Water Splitting-Biosynthetic System Inspired by Photosynthesis
Colon, Brendan Cruz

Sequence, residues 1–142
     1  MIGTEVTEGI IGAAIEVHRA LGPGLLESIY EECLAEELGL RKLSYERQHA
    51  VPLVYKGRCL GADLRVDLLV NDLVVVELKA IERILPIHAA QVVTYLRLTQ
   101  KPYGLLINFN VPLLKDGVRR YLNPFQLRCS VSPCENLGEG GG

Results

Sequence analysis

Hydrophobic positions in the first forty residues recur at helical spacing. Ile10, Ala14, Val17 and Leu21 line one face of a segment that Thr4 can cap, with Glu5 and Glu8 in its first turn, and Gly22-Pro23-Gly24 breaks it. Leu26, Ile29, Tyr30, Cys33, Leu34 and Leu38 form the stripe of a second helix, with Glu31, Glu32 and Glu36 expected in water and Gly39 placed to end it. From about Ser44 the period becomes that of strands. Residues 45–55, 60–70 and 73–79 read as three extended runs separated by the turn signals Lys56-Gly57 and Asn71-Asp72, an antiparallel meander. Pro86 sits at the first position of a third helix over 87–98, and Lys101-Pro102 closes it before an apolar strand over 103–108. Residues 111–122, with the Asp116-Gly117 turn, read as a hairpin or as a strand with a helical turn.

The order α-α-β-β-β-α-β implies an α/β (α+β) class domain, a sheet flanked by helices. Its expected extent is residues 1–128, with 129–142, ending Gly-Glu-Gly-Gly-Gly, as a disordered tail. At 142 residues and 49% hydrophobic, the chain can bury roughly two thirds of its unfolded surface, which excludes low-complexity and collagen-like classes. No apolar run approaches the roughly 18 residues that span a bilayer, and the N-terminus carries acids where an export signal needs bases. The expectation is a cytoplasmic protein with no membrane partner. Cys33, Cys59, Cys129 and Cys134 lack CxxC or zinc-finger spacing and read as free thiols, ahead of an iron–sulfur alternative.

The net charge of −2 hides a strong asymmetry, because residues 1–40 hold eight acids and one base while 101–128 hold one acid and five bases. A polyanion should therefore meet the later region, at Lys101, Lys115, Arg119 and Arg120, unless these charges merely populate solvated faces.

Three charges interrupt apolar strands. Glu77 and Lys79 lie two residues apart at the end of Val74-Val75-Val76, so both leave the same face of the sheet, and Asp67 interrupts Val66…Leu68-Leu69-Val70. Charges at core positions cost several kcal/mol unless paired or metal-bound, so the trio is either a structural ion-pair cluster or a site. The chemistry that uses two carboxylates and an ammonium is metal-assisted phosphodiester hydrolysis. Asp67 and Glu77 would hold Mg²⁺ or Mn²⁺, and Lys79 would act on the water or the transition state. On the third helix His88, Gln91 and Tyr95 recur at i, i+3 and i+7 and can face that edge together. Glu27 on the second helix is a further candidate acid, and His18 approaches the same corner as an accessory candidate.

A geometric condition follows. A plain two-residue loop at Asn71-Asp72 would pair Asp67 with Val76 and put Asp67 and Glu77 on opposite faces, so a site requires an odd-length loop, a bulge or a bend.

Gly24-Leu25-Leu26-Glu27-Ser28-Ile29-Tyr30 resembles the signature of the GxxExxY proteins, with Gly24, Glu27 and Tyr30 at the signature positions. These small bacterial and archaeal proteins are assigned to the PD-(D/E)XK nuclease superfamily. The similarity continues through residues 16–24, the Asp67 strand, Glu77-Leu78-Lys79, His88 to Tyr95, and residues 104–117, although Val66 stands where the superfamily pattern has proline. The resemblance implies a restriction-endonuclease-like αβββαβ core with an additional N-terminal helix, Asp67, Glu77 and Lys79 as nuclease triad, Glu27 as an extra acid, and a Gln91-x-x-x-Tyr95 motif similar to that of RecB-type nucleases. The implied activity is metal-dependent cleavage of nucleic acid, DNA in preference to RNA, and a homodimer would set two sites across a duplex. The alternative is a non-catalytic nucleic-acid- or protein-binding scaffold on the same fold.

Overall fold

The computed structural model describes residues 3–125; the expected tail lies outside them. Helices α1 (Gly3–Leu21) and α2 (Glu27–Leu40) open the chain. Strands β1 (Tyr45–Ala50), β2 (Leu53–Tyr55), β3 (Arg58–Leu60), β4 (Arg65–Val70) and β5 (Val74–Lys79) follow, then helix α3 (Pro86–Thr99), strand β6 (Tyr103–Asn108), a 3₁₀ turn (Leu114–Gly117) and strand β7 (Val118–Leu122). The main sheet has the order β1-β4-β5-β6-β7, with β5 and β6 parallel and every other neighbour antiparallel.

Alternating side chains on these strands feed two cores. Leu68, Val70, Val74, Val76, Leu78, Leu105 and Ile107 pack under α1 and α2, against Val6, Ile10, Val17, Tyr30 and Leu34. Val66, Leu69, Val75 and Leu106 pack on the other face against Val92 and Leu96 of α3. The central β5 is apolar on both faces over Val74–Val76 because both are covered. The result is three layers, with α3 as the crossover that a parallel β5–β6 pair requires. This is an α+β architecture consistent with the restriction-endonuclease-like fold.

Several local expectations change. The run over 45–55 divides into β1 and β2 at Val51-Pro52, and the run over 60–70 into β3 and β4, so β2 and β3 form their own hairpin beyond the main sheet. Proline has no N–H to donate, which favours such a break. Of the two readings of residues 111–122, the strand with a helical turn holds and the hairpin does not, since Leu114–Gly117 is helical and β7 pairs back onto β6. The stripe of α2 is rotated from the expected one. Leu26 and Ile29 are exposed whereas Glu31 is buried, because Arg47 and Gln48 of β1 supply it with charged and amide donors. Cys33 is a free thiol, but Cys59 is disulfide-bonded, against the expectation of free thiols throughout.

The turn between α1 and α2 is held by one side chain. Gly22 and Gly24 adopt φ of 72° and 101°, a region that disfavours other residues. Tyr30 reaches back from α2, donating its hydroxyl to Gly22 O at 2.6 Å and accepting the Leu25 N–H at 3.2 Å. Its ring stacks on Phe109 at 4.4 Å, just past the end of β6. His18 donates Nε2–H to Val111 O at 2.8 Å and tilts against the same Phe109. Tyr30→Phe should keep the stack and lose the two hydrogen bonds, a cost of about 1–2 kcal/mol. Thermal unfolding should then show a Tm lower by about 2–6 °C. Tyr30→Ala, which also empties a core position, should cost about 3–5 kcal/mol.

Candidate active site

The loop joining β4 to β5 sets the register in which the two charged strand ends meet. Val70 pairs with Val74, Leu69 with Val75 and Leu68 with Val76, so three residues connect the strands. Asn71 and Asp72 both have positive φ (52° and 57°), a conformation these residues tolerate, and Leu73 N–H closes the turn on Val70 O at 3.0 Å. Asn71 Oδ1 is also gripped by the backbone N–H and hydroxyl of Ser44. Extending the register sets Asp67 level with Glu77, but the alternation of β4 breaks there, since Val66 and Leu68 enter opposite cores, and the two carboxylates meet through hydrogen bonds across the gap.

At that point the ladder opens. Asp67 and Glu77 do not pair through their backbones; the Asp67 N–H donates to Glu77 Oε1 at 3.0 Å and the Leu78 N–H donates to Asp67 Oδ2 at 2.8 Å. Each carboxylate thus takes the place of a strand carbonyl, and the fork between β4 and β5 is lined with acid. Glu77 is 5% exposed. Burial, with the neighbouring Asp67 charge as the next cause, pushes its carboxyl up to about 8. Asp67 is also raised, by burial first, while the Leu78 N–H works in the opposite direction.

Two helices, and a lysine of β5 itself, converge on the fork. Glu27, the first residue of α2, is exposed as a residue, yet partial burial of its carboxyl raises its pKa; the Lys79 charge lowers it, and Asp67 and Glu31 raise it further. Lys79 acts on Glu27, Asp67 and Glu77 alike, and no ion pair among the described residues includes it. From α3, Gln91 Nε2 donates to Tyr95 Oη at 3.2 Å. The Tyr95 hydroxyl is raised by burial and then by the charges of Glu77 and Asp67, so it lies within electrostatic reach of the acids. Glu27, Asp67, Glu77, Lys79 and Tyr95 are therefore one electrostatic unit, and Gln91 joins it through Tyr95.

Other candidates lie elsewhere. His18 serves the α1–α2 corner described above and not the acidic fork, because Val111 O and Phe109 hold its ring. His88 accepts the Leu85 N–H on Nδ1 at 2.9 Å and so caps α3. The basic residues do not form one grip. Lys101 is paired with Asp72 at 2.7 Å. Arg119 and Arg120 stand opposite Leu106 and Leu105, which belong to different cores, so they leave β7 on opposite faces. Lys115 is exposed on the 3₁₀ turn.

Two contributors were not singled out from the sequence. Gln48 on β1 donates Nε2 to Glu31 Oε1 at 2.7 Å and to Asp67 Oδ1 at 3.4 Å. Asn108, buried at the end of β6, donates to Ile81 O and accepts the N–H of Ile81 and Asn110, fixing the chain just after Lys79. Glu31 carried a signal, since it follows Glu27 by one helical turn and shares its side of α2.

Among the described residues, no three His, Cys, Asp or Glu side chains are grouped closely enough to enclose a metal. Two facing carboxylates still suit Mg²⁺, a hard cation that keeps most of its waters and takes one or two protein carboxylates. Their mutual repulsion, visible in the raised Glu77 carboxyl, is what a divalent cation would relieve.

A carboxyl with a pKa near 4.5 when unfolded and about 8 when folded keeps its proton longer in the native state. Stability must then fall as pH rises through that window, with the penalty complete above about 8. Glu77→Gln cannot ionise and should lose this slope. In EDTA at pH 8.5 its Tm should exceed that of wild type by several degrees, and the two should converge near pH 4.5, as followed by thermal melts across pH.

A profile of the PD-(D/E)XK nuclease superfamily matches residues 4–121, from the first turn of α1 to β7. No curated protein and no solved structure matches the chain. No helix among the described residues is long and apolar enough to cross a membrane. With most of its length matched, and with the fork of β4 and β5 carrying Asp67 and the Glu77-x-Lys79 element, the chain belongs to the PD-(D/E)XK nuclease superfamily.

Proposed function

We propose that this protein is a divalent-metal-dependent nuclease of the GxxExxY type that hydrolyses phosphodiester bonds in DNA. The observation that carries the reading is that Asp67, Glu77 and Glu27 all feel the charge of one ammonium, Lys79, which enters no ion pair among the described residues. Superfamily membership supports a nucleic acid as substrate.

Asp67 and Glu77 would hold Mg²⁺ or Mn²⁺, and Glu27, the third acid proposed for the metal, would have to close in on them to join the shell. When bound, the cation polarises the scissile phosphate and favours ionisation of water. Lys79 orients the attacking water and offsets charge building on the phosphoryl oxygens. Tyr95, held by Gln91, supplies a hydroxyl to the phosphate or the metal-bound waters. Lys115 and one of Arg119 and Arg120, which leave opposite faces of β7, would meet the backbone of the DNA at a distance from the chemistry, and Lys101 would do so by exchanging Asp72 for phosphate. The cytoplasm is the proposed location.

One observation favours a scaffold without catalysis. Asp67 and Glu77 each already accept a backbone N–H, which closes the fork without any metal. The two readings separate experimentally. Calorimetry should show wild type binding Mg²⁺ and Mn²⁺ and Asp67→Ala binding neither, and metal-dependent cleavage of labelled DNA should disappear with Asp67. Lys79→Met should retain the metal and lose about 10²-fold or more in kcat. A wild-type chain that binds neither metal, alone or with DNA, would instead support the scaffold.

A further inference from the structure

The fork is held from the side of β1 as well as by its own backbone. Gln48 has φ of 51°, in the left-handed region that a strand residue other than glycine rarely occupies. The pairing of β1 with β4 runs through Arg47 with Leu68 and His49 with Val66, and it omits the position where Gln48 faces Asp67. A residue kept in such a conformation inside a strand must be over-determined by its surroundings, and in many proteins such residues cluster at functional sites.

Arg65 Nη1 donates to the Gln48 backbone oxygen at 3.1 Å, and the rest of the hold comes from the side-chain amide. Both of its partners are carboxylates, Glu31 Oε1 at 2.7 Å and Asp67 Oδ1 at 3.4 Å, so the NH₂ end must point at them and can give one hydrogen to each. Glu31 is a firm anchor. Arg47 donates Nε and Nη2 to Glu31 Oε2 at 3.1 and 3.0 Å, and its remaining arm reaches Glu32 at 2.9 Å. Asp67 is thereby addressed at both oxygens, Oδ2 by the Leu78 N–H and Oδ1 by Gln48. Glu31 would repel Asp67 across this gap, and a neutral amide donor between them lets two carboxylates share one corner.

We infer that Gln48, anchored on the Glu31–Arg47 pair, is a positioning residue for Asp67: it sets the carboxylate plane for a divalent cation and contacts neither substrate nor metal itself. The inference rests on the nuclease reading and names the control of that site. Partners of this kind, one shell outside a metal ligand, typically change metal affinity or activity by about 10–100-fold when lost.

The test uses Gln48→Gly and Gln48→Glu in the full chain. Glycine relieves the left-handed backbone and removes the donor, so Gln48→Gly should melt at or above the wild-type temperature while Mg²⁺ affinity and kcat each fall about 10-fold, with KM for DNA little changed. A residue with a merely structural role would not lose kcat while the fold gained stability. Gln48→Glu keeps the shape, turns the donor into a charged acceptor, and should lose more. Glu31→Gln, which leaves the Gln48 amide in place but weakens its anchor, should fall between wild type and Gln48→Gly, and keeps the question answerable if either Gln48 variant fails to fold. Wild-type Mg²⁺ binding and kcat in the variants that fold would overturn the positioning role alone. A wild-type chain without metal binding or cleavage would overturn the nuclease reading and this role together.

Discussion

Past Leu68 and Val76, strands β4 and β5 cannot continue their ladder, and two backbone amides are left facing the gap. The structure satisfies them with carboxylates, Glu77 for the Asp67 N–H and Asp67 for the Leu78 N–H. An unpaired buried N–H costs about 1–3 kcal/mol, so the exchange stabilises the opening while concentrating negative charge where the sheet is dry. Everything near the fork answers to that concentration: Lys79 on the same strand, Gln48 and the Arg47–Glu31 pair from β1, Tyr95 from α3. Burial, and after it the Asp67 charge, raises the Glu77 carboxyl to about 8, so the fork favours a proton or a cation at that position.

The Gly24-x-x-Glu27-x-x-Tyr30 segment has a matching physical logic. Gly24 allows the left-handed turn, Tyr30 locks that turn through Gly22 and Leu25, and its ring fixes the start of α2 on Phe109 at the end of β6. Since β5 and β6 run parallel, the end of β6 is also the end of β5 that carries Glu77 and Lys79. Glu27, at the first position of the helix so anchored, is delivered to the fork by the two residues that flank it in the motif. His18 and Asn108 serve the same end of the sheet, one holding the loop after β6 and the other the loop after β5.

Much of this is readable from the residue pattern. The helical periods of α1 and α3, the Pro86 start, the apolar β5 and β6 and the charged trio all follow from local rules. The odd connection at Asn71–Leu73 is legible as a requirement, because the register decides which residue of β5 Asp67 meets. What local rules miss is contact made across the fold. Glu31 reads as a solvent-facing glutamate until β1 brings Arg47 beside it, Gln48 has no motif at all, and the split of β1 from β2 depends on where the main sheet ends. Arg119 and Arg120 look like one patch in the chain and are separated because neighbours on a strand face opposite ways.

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AbstractHarnessing sources of renewable electricity to efficiently reduce CO2 and N2 into valueadded chemicals has long been sought after as a method for clean synthesis and energy storage. In practice, these processes are limited by the lack of a high-efficiency reduction system that can operate in ambient conditions. This thesis reports several fully integrated bioelectrochemical systems designed to electrochemically split water into H2 and O2 at low driving voltages. Lithotrophic organisms facilitate the consumption of H2 and CO2 to generate biomass and chemicals at high titers and efficiencies. These scalable systems have demonstrated CO2 reduction efficiencies above 50% and can produce materials, drop-in fuels, and ammonia at ambient temperature and pressure. A maximal solar CO2 reduction efficiency of 10% is possible when coupled with photovoltaic (PV) panels of 18–20% efficiency, thereby creating a synthetic consortium comparable to the best naturally occurring photosynthetic systems.
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